Nomenclature

m:Gas mass per unit volume
t:Time
▽:Hamiltonian operator
p:Gas density
u:Gas migration velocity in fissures
Q:Source term
φ:The porosity of coal body
ρgs:The gas density under standard condition
ρc:The density of coal
VL:The Langmuir volume constant
P:The gas pressure of coal seam
pL:The Langmuir pressure constant
k:The permeability of coal
μg:The dynamic viscosity of gas
b:The Klingberg factor
εij:The strain of coal
σij:The stress of coal
δij:The Kronecker factor
G:Shear modulus of coal
D:The equivalent elastic modulus of coal
Es:The elastic modulus of coal
Lf:The improved fracture stiffness of coal
K:The bulk modulus of coal
Ks:The bulk modulus of coal
E:The elastic modulus of coal
:Poisson’s ratio of coal
α:The Biot effective stress coefficient
εa:The gas adsorption strain of coal skeleton
φ0:The initial porosity of coal
εL:The Langmuir strain constant
∆p:The variation of gas pressure in coal seam
k0:The initial fracture permeability
β:The stress concentration factor.

Data Availability

The data used to support the findings of this study are available from the corresponding author upon request.

Conflicts of Interest

The authors declare that they have no conflicts of interest.

Acknowledgments

This research was financially supported by the National Natural Science Foundation of China (Grant nos. 51904145, 51674135, 51274117, and 51304110), Liaoning Natural Science Foundation Program Guidance Plan (Grant no. 2019-ZD-0045), Liaoning Provincial Department of Education Project (Grant no. LJ2019JL007), the Funds for National Standard Revision Projects of China Coal Industry Association in 2017 (Grant nos. 18-1005), and the Doctoral Research Initiation Funds of Liaoning Technical University (Grant nos. 18-1010).

References

  1. M. B. Wold, L. D. Connell, and S. K. Choi, “The role of spatial variability in coal seam parameters on gas outburst behaviour during coal mining,” International Journal of Coal Geology, vol. 75, no. 1, pp. 1–14, 2008. View at: Publisher Site | Google Scholar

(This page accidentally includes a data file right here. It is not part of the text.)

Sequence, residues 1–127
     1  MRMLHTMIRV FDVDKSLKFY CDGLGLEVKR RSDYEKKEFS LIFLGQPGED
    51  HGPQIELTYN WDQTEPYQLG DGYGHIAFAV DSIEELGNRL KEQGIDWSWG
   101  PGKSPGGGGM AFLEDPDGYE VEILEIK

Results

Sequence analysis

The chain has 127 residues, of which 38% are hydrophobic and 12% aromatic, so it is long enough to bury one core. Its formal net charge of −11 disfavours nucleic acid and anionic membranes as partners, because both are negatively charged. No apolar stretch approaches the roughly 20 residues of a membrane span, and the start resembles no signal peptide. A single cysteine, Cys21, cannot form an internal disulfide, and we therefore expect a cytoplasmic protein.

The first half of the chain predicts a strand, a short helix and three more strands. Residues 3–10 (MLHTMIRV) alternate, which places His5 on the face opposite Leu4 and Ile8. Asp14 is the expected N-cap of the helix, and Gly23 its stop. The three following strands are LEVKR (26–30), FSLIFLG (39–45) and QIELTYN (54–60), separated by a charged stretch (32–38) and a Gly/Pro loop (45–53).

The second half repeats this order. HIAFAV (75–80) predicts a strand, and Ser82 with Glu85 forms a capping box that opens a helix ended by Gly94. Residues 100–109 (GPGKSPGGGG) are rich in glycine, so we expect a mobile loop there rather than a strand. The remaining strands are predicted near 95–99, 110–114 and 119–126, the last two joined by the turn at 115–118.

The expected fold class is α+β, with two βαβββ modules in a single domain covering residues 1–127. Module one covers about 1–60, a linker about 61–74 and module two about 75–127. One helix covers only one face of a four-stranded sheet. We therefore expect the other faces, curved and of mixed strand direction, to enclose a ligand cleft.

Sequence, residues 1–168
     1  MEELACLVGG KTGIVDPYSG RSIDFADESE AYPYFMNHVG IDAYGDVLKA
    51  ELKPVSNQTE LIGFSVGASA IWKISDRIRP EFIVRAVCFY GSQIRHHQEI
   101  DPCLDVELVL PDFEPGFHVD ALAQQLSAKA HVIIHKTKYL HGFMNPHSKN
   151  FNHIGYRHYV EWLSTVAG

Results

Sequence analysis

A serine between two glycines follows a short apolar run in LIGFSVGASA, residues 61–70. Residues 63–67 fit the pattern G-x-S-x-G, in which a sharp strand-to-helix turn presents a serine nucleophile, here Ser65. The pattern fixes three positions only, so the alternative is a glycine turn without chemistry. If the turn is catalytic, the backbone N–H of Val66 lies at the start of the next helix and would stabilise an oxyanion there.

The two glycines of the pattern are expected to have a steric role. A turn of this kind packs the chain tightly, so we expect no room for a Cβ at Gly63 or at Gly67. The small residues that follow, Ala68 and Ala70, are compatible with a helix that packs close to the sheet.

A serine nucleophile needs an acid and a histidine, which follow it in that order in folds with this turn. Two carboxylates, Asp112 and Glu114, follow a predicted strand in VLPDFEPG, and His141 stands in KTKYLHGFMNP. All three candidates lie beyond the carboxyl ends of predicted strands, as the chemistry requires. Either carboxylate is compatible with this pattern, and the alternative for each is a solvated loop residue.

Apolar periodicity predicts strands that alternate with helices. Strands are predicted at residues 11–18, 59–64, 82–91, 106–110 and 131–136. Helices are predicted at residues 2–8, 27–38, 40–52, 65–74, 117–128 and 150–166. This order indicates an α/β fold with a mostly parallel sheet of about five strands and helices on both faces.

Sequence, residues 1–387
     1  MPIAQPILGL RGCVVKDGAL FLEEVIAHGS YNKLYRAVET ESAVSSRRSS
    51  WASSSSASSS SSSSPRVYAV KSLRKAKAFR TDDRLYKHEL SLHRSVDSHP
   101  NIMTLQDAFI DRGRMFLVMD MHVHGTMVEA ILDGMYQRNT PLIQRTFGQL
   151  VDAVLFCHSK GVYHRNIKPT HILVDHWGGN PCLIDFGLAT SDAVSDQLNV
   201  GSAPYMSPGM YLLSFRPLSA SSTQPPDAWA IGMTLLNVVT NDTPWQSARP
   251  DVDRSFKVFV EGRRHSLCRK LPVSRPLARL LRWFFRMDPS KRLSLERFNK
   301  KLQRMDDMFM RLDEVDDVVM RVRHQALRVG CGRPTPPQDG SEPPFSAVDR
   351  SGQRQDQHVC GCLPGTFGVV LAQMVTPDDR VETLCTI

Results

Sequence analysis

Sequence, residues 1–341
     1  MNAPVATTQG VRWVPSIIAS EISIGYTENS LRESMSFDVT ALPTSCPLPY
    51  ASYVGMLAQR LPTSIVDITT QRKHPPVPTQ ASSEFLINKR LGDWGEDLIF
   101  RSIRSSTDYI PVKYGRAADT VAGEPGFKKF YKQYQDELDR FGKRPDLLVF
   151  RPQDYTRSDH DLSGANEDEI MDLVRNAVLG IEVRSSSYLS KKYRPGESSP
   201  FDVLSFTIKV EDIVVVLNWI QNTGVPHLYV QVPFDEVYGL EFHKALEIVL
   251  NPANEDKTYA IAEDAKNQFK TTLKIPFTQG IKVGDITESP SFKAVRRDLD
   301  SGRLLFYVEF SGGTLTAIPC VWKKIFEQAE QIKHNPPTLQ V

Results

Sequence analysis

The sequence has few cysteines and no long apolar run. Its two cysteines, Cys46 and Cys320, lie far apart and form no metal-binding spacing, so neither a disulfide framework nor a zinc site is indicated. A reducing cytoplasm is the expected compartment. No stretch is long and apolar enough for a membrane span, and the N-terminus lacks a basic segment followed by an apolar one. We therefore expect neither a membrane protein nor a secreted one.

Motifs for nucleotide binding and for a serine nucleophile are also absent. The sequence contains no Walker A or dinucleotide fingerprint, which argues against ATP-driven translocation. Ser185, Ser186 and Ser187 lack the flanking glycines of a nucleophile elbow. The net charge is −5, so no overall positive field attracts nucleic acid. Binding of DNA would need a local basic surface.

2. H. W. Zhang and S. Li, “Pattern recognition and possibility prediction of coal and gas outburst,” Chinese Journal of Rock Mechanics and Engineering, vol. 24, no. 19, pp. 3577–3581, 2005. View at: Google Scholar
  3. B. F. Yu, “Talking about the mechanism of coal and gas outburst,” Coal Science and Technology, vol. 8, pp. 34–42, 1979. View at: Google Scholar
  4. J. Shepherd, L. K. Rixon, and L. Griffiths, “Outbursts and geological structures in coal mines: a review,” International Journal of Rock Mechanics and Mining Sciences & Geomechanics Abstracts, vol. 18, no. 4, pp. 267–283, 1981. View at: Publisher Site | Google Scholar
  5. J. W. Yan, X. B. Zhang, and Z. M. Zhang, “Research on geological control mechanism of coal-gas outburst,” Journal of China Coal Society, vol. 38, no. 7, pp. 1174–1178, 2013. View at: Google Scholar
  6. Y. S. Zhao, “Coupled mathematical model on coal mass-methane and its numerical method,” Chinese Journal of Rock Mechanics and Engineering, vol. 13, no. 3, pp. 229–239, 1994. View at: Google Scholar
  7. Q. T. Hu, S. N. Zhou, and X. Q. Zhou, “Mechanical mechanism of coal and gas outburst process,” Journal of China Coal Society, vol. 33, no. 12, pp. 1368–1372, 2008. View at: Google Scholar